I undertook a PhD late in life, after 30 years working in medical research. I had had extensive experience with ethics applications and HRECs, having endured along the way the many individual site approvals for single projects, then the relative joys of single site, multi-centre approvals; and different approval systems and requirements from every state for a single project. Later we even cracked approvals for access to PBS and Medicare data. I know about ethics, and support the merits of research ethics approval to protect participants.
My PhD project involved data collection via a national on-line survey of early career researchers employed in research institutes and universities across Australia, and some interviews. I received ethics approval on the first application, but was taken aback by the HREC’s condition that I must obtain gatekeeper approval from every institution before contacting potential participants. We have discussed this requirement before in Research Ethics Monthly (Christian et al., 2019); but it led to a great deal of work for both me and the institutions, and probably also resulted in sample bias.
I have to admit I was angry and frustrated; I felt this requirement was ethically both unnecessary and wrong but as a PhD student I did as I was told, and quietly fumed. I determined to write a paper about it, demanding change. Slowly the need to shout diminished, and, guided by my patient supervisors, we approached the discussion about this ethical barrier academically (Christian et al., 2022).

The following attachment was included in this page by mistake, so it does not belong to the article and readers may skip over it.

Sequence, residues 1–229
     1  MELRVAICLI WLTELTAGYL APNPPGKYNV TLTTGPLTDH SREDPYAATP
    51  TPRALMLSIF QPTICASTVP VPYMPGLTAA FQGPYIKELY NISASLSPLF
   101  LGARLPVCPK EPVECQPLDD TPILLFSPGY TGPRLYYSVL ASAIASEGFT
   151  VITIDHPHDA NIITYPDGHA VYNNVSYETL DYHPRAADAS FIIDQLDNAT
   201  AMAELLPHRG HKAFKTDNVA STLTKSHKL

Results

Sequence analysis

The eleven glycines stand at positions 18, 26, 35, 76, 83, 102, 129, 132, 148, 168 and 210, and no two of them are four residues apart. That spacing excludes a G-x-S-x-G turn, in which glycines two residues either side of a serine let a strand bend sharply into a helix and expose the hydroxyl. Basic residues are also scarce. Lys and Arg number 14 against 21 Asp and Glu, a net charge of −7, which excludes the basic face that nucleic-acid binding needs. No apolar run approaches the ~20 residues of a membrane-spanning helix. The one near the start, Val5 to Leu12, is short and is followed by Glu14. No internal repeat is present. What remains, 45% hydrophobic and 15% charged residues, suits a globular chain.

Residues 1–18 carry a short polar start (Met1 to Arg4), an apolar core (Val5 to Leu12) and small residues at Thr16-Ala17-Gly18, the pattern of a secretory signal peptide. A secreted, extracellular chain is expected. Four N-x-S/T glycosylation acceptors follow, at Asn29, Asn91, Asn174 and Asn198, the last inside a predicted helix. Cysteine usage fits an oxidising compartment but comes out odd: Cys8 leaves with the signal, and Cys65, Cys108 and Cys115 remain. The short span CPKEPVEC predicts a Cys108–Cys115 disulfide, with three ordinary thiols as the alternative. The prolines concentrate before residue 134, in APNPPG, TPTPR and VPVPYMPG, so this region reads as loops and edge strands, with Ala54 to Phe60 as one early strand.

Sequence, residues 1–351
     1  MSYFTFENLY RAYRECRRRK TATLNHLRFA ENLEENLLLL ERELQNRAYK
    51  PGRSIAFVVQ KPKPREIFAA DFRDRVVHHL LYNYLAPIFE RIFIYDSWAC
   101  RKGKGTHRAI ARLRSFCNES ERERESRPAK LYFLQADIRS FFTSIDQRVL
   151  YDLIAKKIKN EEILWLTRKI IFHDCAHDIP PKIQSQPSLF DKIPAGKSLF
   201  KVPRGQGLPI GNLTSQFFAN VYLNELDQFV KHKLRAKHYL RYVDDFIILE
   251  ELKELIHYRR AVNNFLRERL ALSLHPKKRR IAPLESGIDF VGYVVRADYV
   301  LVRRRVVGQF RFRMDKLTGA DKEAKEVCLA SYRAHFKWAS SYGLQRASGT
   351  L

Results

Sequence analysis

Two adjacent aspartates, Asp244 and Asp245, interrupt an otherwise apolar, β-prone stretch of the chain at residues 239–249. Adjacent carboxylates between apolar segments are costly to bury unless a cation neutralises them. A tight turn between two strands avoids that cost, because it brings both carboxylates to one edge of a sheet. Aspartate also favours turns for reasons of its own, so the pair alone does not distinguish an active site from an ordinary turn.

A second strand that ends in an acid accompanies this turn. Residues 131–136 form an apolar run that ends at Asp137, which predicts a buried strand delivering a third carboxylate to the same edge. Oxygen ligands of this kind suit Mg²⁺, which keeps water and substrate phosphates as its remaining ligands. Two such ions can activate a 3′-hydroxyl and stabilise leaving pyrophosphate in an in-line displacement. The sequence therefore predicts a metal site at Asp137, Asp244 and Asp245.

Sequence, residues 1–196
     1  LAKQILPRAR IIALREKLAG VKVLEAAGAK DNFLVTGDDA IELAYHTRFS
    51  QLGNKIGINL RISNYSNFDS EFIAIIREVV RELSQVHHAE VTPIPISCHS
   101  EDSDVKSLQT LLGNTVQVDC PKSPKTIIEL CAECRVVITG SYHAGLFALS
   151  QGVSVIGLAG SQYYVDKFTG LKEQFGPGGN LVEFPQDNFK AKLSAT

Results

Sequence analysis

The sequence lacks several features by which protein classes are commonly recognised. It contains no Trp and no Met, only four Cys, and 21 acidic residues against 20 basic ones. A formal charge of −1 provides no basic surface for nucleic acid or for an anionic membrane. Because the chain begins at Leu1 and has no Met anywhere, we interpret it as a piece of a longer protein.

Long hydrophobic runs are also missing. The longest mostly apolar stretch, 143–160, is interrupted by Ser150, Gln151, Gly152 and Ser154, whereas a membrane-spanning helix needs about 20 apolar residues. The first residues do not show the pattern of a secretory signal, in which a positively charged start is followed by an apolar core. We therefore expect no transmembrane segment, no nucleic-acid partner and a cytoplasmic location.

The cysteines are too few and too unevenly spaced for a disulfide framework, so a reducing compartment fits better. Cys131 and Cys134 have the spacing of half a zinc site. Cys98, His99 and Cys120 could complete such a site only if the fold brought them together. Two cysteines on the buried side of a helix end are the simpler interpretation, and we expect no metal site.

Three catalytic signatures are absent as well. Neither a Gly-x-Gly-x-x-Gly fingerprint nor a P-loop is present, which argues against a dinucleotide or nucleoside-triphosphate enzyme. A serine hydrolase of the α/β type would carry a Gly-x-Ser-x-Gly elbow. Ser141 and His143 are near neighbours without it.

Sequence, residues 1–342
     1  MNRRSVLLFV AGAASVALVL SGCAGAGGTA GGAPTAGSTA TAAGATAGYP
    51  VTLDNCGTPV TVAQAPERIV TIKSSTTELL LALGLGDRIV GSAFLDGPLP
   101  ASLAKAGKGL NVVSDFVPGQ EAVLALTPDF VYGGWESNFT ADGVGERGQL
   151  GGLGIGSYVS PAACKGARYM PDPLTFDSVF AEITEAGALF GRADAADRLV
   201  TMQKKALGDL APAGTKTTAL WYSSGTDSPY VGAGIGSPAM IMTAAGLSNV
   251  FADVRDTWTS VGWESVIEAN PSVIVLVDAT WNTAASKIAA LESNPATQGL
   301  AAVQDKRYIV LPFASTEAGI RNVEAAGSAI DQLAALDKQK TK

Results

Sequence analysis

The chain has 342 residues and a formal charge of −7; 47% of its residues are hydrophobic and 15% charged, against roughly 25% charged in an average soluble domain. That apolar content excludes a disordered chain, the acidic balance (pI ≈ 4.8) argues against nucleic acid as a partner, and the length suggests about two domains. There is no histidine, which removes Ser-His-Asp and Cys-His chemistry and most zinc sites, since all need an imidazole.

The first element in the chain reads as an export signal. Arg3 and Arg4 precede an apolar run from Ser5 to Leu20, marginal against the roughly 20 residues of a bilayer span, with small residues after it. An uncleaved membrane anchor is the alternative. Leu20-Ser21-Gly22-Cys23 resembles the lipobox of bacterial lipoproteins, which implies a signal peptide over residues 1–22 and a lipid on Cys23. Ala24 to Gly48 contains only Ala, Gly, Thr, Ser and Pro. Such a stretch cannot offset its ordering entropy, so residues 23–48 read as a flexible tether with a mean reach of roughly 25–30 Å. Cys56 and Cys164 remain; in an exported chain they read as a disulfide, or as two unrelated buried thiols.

On the way, we explored why we have gatekeepers. Are they there for protection of the participants (people inside the gate) or the people who own the property (the institutions) (Singh & Wassenaar, 2016)? What happens when the site is virtual? Does the gate still apply (Hedgecoe, 2016)?
When is the gatekeeper’s presence merited? Who should they be protecting? When their charges are staff members, should gatekeepers have rights of approval/disapproval all the time, or only during working hours, or only on “the property”? (McFadyen & Rankin, 2016)
Should the gatekeepers be there at all when the population is not vulnerable – in an instance such as this, where potential participants were in a position to make their own decisions, or, indeed, for social science research at large?
We wondered if the gatekeeper sometimes expected they should provide another level of ethics review prior to approval, thus duplicating the efforts of the HREC? (Guillemin et al., 2012; Vadeboncoeur et al., 2016)